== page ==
What happens after infidelity?
Will the cheating partner confess and hope to start working on re-building trust? What happens if the betrayed partner does not want this and instead chooses to go his or her own way?
One of the possible outcomes is depression after infidelity.
In this article you will learn how the depression comes to be and how to best manage this period of your life.
What is depression and how is it formed after infidelity?
After you have discovered your partner’s unfaithfulness there will follow four stages:
- Being in shock and denying
- Feeling guilty and angry
- Being resentful and wanting to bargain
- Reflection and depression
It is only after these initial four stages that you can really leave the affair behind you.
Many people suffer from depression, but what exactly is a depression and what triggers it?
It is being triggered by the feeling of being betrayed and unwanted. But as you have read before in this article, depression is just one of the many emotions from the rollercoaster-like aftermath of infidelity.
First you will deny the facts, mostly because you are in shock. You keep telling yourself over and over that what has happened to you simply is not possible.
Next is the phase of feeling guilty and angry. You can feel guilty for your partner’s infidelity and be angry at him or her both at the same time. Also, you might be angry at yourself.
The next phase is about harboring this anger deep inside of you until you feel pure resentment. You might also lash out at the people around you, particularly those who are close to you.
Finally we come to the stage of reflection and depression. It is during this stage that you discover what has really happened and you come to terms with it. Exactly due to that reason it is also possible that you will experience a depression, ranging from a minor to major depression.
How to survive depression after infidelity?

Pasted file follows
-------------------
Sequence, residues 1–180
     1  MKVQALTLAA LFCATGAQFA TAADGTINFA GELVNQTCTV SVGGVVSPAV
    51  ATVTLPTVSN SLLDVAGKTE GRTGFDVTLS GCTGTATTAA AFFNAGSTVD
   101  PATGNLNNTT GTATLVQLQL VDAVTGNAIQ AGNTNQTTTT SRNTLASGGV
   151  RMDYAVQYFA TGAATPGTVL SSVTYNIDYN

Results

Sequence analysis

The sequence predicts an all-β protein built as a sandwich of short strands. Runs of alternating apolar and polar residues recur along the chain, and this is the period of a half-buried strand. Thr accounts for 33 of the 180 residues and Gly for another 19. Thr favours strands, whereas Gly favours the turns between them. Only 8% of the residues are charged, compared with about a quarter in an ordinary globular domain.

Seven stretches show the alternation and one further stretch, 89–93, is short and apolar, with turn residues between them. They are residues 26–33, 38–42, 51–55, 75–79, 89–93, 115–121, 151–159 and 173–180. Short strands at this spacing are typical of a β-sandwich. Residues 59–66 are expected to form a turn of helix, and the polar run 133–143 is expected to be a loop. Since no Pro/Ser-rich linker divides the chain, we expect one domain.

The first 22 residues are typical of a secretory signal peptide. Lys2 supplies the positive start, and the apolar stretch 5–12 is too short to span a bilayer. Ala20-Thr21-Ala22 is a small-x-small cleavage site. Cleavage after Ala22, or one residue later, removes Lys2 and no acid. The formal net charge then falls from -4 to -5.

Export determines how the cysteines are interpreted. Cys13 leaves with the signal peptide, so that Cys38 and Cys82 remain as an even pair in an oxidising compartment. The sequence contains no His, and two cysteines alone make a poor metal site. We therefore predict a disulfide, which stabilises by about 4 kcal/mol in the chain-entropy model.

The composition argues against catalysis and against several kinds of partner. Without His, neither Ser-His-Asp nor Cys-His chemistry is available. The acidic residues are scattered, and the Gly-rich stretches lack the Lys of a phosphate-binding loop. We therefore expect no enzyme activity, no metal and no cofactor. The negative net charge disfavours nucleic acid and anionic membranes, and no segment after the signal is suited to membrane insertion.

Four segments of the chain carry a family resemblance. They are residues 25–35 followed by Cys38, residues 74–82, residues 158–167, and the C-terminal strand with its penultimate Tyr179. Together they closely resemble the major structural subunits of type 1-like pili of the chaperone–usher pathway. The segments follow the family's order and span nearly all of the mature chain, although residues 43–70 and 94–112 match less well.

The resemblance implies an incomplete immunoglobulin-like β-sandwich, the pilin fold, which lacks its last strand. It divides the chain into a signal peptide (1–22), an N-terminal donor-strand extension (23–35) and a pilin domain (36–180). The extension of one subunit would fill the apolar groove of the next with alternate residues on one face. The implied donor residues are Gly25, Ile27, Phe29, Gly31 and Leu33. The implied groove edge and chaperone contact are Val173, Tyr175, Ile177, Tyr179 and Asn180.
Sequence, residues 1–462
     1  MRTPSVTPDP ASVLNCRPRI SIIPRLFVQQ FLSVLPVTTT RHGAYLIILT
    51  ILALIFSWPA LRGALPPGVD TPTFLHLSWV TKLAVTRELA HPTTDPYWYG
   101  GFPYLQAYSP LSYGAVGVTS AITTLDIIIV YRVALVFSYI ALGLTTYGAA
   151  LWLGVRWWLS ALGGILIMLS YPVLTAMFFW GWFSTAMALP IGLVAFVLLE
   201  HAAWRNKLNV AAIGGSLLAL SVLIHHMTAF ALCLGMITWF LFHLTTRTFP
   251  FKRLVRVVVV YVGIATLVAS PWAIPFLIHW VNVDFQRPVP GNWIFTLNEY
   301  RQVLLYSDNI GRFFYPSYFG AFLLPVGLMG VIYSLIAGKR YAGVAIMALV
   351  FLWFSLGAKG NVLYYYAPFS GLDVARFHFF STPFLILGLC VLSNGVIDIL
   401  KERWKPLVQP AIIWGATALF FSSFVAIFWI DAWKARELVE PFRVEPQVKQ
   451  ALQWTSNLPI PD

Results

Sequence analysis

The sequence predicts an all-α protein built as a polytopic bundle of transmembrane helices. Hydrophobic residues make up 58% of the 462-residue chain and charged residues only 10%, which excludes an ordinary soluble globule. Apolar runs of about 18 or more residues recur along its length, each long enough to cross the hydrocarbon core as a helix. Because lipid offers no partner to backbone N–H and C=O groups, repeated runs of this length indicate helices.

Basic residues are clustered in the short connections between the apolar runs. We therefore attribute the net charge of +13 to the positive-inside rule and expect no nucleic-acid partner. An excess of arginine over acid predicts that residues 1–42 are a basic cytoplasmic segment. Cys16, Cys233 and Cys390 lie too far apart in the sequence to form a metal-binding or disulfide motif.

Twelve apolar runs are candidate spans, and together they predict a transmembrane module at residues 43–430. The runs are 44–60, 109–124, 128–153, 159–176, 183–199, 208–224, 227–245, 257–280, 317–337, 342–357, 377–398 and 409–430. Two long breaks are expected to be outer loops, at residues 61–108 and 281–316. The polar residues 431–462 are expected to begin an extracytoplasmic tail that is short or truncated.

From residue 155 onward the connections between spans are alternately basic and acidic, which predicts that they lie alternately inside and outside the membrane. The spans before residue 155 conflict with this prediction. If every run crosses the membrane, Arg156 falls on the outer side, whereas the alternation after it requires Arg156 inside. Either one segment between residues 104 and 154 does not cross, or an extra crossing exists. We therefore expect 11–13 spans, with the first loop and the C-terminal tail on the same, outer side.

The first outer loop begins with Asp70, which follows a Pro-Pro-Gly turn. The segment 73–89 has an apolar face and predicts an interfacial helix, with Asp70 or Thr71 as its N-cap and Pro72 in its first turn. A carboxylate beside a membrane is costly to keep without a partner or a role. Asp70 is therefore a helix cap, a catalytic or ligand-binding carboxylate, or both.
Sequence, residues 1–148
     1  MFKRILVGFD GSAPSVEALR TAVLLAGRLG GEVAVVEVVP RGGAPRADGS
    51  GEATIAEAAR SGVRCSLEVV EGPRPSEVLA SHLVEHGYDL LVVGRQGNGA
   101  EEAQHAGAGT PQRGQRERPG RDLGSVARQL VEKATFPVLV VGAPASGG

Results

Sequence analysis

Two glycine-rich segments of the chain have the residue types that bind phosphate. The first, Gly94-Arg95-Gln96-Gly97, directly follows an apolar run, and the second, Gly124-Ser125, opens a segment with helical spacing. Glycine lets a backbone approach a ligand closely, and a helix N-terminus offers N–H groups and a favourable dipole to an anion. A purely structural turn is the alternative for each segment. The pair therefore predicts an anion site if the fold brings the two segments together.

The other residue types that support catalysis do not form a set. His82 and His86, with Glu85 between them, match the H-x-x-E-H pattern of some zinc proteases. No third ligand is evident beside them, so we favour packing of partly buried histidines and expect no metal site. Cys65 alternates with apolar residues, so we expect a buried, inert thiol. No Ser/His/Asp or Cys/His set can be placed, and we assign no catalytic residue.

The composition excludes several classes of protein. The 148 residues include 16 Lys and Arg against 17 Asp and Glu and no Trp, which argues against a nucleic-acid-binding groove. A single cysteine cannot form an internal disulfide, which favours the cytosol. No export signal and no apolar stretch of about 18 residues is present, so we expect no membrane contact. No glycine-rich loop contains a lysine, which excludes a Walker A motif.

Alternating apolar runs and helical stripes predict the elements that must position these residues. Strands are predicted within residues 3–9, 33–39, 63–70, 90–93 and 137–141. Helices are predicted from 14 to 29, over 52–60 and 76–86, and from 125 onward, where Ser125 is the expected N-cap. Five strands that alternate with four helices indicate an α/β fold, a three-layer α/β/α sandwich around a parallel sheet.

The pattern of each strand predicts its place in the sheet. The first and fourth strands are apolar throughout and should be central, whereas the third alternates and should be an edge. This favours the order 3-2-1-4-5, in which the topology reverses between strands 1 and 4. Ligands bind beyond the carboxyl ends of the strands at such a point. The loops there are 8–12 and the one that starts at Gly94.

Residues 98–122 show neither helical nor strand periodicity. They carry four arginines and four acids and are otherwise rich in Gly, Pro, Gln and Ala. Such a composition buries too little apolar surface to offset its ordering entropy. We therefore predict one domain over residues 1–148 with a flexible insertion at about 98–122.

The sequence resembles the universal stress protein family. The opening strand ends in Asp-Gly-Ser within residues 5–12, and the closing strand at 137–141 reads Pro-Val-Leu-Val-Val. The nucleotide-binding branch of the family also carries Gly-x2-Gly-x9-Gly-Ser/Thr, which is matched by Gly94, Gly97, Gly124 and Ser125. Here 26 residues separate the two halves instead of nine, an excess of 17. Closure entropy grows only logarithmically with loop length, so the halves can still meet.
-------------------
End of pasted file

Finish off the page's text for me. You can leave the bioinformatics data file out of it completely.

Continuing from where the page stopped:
Around this time you first feel that you have begun to get your life together. But then sudden realizations shake up that belief. You don’t have everything together. Something terrible has happened to you. This period is known to cause sad reflection on the actions of both you and your partner. This is normal for this phase. Do not blame yourself for feeling sad or low. It is okay to be sad, all the emotions need to come out sooner or later anyway.
This is exactly the period in which you will need to take some time for yourself and figure out what you want to do next. Well-meant advice or encouragement from friends or family might seem nice, but it is not really helpful. It is you who needs to go through this phase.
The fourth stage comes with feeling of despair or emptiness. You will feel loss. And as a matter of fact you have – in a way – lost someone dear to you. You might feel that the special person you had in your life – the one with whom you shared intimacy, personal feelings and secrets – is gone forever. Some people feel as if their marriage never happened, it might seem very far away and unreal now.
It is normal that during this time you will start to feel lonely. It is probably more in the house, due to the fact that you have lost your partner and probably also because you have no need for seeing friends or family right now. They mean well, but hearing “It’s time to move on with your life” over and over is not going to make you feel any better or help you. This might result in isolation or at least a feeling of isolation, as nobody around you really gets you. They simply have not been through what you have been. And if they have, it is a different experience for everybody. Everybody has different coping tactics and different ways of dealing with loss.
What to do now?
Don’t hold back your emotions. Allow yourself to feel what you are feeling. Friends and family members might suggest that you simply ‘let things go’, but that is not always the best advice. In some cases it’s better to really experience the emotions you are having. So they can get out of your system and you can start making progress towards leaving the affair behind you.
Sometimes spouses reconcile after the affair, but the “we are special and will never get divorced”-feeling is gone. Your marriage will not be the same again. It is up to you if that is a good thing. If you and your spouse are willing, you can turn the negative experience of infidelity around in what might become a very valuable lesson. Each experience can teach you something about how the world works and what you value. There have been numerous couples that have grown more intimate and stronger after one of them had an affair.
It will hurt from time to time and it will be hard, but both of you can make it through this and become stronger than ever.